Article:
Although its lands are fertile and appropriate for agriculture, thousands of people take to the roads as seasonal workers from Urfa (Riha) every year in Turkey because there is no cropland within the city’s limits.
People of Urfa experience various problems, especially racist attacks in the cities they travel to in order to engage in seasonal work. They are forced to work under adverse conditions, often living in small tents during the summer days where they have no access to electricity or freshwater.
Seasonal agricultural workers who travel to the town of Peri in Mazgirt district in Dersim to find work, struggle to survive in tents that are 20 square metres in dimension. They live without electricity or a freshwater supply under pandemic conditions. The place they work in is located 100 km away from their home.
Jin News interviewed the workers and asked them about their journey that begins in Urfa.
Medine Gözeten is a 27-year-old woman. “The most exploited workers in Turkey are the agricultural workers,” she says, and she states that they often have to contend with traffic accidents during the arduous journey.
“The place where we sleep, sit and use as a kitchen is only a 20 square metre tent. It is terrible when it rains. There is neither electricity nor water. If we call this living …”
Employers bring water in tankers to the places where they set up their tents. “We carry the water that we get from these tankers to the tents in buckets and small drums. The water tanker is across the road where our tents are. The road consists of two lanes. Vehicles pass by at speed. We take these risks and carry water across the road,” she states.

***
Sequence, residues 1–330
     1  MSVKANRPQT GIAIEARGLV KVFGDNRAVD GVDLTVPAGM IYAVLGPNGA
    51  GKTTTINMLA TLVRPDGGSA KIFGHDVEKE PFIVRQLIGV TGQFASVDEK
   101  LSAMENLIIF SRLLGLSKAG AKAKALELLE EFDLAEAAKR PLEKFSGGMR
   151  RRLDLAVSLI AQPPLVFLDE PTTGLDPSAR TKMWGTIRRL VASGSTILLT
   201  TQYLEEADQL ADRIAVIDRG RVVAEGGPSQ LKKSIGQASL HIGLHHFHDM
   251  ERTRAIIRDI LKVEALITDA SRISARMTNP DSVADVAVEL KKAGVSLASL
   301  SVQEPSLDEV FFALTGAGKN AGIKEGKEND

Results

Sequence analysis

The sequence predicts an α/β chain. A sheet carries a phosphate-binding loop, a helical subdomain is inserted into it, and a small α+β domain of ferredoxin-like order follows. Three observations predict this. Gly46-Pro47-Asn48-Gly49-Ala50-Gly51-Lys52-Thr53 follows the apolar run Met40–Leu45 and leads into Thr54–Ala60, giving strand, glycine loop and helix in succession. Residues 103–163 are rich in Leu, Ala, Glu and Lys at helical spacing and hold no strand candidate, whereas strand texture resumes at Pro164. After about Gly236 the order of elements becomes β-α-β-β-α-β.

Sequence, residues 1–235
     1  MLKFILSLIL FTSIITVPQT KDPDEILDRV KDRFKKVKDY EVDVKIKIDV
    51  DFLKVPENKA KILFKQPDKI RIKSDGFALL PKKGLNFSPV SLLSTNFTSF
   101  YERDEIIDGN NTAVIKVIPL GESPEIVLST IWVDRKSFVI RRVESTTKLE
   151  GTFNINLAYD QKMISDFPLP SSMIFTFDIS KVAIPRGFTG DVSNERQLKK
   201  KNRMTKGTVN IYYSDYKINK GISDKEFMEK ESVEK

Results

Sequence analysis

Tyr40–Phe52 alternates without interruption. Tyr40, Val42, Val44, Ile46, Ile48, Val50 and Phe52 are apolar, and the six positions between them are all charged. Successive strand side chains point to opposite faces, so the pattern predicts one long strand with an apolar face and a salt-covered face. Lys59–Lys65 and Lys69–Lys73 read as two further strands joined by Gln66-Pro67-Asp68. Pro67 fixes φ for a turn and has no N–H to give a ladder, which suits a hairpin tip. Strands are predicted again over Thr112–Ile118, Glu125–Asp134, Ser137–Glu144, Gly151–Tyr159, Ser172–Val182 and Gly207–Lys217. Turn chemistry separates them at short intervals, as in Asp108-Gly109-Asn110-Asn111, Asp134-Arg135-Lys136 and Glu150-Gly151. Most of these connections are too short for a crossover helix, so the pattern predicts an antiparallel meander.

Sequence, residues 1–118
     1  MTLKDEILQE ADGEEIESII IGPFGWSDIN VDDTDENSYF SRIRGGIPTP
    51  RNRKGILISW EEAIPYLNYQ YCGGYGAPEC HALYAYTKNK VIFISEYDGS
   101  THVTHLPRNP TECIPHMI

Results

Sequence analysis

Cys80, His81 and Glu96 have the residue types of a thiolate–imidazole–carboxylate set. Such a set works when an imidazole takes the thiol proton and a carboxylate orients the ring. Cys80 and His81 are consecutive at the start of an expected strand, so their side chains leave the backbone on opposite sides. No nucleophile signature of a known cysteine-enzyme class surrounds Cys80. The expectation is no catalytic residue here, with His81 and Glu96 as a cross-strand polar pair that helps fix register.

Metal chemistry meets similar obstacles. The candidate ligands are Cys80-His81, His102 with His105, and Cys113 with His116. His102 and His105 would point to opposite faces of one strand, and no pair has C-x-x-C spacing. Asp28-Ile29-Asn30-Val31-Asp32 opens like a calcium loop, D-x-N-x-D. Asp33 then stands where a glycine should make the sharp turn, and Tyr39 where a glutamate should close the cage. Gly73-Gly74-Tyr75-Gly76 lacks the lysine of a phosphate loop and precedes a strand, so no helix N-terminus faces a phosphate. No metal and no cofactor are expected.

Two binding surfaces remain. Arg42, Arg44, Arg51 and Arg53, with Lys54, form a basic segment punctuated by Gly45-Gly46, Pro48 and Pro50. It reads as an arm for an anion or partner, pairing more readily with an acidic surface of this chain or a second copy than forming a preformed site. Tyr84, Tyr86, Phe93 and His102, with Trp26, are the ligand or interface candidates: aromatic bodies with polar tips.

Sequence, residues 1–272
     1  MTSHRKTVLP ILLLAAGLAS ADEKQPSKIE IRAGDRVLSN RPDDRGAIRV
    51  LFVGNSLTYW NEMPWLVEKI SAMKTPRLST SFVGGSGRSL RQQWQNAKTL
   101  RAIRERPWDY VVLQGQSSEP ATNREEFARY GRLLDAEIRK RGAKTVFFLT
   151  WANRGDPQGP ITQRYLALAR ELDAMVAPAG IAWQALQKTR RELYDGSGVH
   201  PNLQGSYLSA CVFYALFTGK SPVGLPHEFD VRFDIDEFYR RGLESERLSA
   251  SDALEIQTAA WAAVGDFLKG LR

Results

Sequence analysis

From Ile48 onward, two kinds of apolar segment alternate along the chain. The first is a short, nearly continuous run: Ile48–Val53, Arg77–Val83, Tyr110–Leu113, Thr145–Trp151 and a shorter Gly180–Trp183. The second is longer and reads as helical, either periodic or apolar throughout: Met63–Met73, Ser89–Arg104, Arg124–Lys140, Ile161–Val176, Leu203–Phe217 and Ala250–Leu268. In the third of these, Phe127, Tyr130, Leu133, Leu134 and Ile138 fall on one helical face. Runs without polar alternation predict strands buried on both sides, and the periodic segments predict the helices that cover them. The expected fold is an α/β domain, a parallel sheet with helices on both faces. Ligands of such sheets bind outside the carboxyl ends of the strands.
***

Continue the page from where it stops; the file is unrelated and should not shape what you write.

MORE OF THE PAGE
If you are a woman, working under these conditions is even harder. Büşra Çiftçay explains: “We meet all the needs for life in the places we work. We work both in the field and in the tents. We also have to do chores such as cooking, laundry, dishes, and childcare. It is more difficult for mothers. Babies are affected by the cold or sun, by the mud. Most babies get sick here,” she says.
They stay for a month in the places that they go to and then the journey begins once again. “For example, after hoeing in May, once finished, some of us go to pick cherries, some go to pick apricots, some go to pick hazelnuts. In short, a family of seasonal agricultural workers must endure long journeys and travel to at least four to five cities during a seven month working period. We spend half of the wages we receive on the roads and on living needs in the cities we visit and stay in. The work we do is not worth the money that is left in our pocket, but we have to keep at it,” says Nurcan Çiftçay.